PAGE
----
Earlier this month, Karim Toubba, CEO of LastPass, released the results of their investigation into two security incidents that occurred last fall. Toubba provided a detailed update on what happened, how it impacted LastPass users, and the actions the company has taken to prevent cybersecurity breaches in the future. The CEO said they have not seen any threat-actor activity to the password vault platform since October 26. In the update, the CEO noted the company serves millions of customers and more than 100,000 businesses.
“We have heard and taken seriously the feedback that we should have communicated more frequently and comprehensively throughout this process. The length of the investigation left us with difficult trade-offs to make in that regard, but we understand and regret the frustration that our initial communications caused for both the businesses and consumers who rely on our products,” Toubba said in a March 1, 2023 blog post.
“In sharing these additional details today, and in our approach going forward, we are determined to do right by our customers and communicate more effectively,” added the CEO.
Last fall there were two cybersecurity incidents impacting customers. Toubba said that neither occurrence was the result of a product defect or unauthorized access to or abuse of their production systems. Instead, it was a threat actor who exploited a vulnerability in third-party software which allowed them to bypass protections to access non-production development and backup storage.
In the first incident, the laptop of a software engineer was compromised, giving a threat actor access to LastPass’s cloud-based development environment. This allowed the hacker to steal source code, technical information, and “certain LastPass internal system secrets.” During that incident, no customer data or password vault data was stolen, and the company employed several safeguards to address the system’s vulnerabilities.
In the second occurrence, a threat actor targeted a senior DevOps engineer via third-party software. The hacker was able to use that vulnerability to install malware, bypass existing controls, and get access to cloud backups which held customer data. Through this process, the threat actor was able to gain access to data from LastPass systems, including:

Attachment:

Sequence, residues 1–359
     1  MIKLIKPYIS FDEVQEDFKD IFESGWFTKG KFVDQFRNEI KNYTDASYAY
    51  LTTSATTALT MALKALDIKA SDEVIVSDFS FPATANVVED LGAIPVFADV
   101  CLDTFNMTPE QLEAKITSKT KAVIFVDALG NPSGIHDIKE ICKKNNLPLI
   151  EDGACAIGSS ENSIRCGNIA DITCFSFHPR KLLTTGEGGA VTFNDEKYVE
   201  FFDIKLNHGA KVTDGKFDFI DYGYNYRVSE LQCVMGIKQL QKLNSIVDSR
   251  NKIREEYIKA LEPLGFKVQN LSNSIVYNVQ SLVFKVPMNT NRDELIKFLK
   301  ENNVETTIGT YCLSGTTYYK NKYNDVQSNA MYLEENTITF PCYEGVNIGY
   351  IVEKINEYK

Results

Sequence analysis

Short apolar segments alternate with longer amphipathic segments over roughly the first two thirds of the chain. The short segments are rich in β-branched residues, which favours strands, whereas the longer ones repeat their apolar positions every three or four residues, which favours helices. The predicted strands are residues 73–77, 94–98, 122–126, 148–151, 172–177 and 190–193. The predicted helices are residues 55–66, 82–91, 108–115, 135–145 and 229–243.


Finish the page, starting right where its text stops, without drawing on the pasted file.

- System configuration data
- API secrets
- Third-party integration secrets
- Encrypted and unencrypted customer data
In addition to a thorough investigation, LastPass’s incident response team has combed through the data to identify and correct any vulnerabilities to the password vault platform. Since August, the company has made the following changes:
- Deployed new security technology across their infrastructure, data centers and cloud environments
- Prioritized and initiated significant investments in security, privacy and best practices for operations
- Reviewed security policies and implemented changes that restrict access and privilege
A complete list of LastPass’s actions to secure their password vault is available at LastPass.com.
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What consumers and businesses need to know
LastPass prepared a security bulletin specifically for free, premium and family users to help them review their LastPass settings to secure their accounts. The company also prepared a security bulletin for businesses to help them with a risk assessment of their account configurations and third-party integrations.
LastPass freemium model
LastPass utilizes a freemium model. LastPass single users and families can use the password for free on one device. This includes a 30-day premium trial, but users are not obligated to subscribe to continue to use the service. Single users can subscribe to the premium plan for $3 a month, billed annually. This plan has additional features including encrypted file storage, a security dashboard, and dark web monitoring.
Families can also subscribe to premium features for $4 a month, billed annually. It includes the same features as the premium subscription plan, but it also offers six individual, encrypted password vaults. Businesses can subscribe to LastPass Teams for $4 per user per month. LastPass Teams is available for 50 users or less. LastPass also offers a Business plan for $6 per user per month, billed annually.
In a March 1 email to current and past LastPass users, the LastPass team encouraged LastPass users to read the security bulletins and go through the recommended steps to ensure their passwords and other data are protected.
Sadly, cybersecurity breaches are becoming more common. Schools, businesses and municipalities are getting hit with ransomware attacks on the regular. While LastPass may not have communicated as promptly or effectively as users would have liked, they had their hands full trying to save their ship from sinking and protecting as much data as they could. Unfortunately, they also lost some customers due to the data breaches – including me. I don’t hold a grudge against LastPass, but if a password vault is vulnerable, are any of our passwords safe?
Takeaways for subscription companies: No subscription company wants to admit their systems are vulnerable to attack whether inside or outside the company. However, in addition to immediately deploying an incident response team, companies need to come clean with their customers. Customers, especially those who are subscribing to a product or service, have a right to know if their data has been hacked or could be potentially vulnerable. New security protocols, of course, are expected. Communication should be near the top of the checklist.